For the record, those charges were widely publicized in the 1990s, and the Vatican’s Congregation for the Doctrine of the Faith opened an investigation in 1998. In 2006, the Vatican released a communiqué stating that on the basis of that inquest, it had decided to invite Maciel “to a reserved life of prayer and penance, renouncing every public ministry.” Many observers took the decision as tantamount to a finding of guilt.

060519_maciel_hmed_530ahmedium.jpgAs I wrote a few days ago, the Legion — a fast-growing and generally conservative Catholic order of priests — has a strong presence here in the Burbs. It owns large estates in Mount Pleasant and New Castle, but the order’s development plans have run into lots of community opposition.

Allen writes extensively about how the Legion has dealt with/is dealing with the allegations against its founder (that’s him with JPII). Allen summarizes things well here:

The identity and spirituality of a religious order is deeply tied to the personality of its founder, and there aren’t many ready examples of orders which have flourished despite compelling evidence of moral corruption on the part of the founder. To acknowledge merit to the charges against Maciel, at least in the eyes of some, would therefore be tantamount to jeopardizing the viability of the communities he founded. It could also, of course, jeopardize the vocations of Legionaries intensely devoted to the figure of Maciel.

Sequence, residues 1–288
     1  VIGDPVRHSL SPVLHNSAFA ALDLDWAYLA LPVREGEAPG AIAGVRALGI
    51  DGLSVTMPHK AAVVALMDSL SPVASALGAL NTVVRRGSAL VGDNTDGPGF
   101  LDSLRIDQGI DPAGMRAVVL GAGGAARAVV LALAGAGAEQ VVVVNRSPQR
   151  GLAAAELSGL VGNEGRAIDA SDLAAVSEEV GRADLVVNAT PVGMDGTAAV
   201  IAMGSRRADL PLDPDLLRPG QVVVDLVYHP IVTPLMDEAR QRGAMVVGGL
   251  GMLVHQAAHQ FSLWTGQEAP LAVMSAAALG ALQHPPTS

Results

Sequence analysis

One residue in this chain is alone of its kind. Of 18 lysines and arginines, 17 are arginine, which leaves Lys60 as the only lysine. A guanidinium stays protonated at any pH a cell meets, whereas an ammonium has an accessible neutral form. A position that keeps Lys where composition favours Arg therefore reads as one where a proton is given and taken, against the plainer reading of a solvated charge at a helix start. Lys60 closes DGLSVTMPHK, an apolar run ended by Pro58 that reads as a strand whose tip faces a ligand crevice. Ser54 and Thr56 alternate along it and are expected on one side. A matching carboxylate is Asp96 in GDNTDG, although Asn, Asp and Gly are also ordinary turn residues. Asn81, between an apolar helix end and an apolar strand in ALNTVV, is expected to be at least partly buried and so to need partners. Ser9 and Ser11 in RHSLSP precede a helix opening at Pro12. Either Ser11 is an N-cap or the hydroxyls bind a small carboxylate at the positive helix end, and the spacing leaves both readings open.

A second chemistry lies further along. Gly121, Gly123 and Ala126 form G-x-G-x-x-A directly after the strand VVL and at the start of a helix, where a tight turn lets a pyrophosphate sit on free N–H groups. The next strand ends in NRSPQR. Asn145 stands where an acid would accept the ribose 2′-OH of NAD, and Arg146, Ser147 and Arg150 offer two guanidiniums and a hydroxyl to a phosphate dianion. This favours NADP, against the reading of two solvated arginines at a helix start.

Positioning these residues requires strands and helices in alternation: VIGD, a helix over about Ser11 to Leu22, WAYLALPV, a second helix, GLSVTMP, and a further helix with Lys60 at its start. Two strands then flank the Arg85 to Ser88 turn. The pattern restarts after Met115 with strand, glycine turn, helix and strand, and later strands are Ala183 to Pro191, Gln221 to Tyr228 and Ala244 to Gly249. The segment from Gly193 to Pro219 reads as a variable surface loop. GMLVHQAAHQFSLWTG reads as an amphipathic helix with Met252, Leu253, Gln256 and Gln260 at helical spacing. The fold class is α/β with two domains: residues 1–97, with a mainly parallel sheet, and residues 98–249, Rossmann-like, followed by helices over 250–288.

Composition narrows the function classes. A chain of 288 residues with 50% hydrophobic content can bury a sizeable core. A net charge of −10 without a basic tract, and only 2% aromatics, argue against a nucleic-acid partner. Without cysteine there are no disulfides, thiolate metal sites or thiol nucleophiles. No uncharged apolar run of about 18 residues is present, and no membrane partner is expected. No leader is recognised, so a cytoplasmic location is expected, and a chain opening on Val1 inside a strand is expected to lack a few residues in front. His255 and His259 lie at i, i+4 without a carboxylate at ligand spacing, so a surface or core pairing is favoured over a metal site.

Archbishop O’Brien takes aim at Legionaries of Christ

Baltimore’s Archbishop Edwin O’Brien has taken a direct and hard shot at the Legionaries of Christ, a conservative and sometimes controversial Roman Catholic religious order.

tjndc5-5b5dj9hpmec7lvuzezi_layout.jpgO’Brien has directed the Legionaries (and its lay movement, Regnum Christi) to disclose all its activities within the Archdiocese of Baltimore and — this is serious — to end one-on-one spiritual direction with anyone under 18.

Furthermore, O’Brien (that’s him) granted an interview about the move to John Allen, the respected and influential journalist for National Catholic Reporter, guaranteeing that his remarks will be widely seen.

Asked by Allen about the Legionaries’ spiritual counseling to teens, O’Brien says: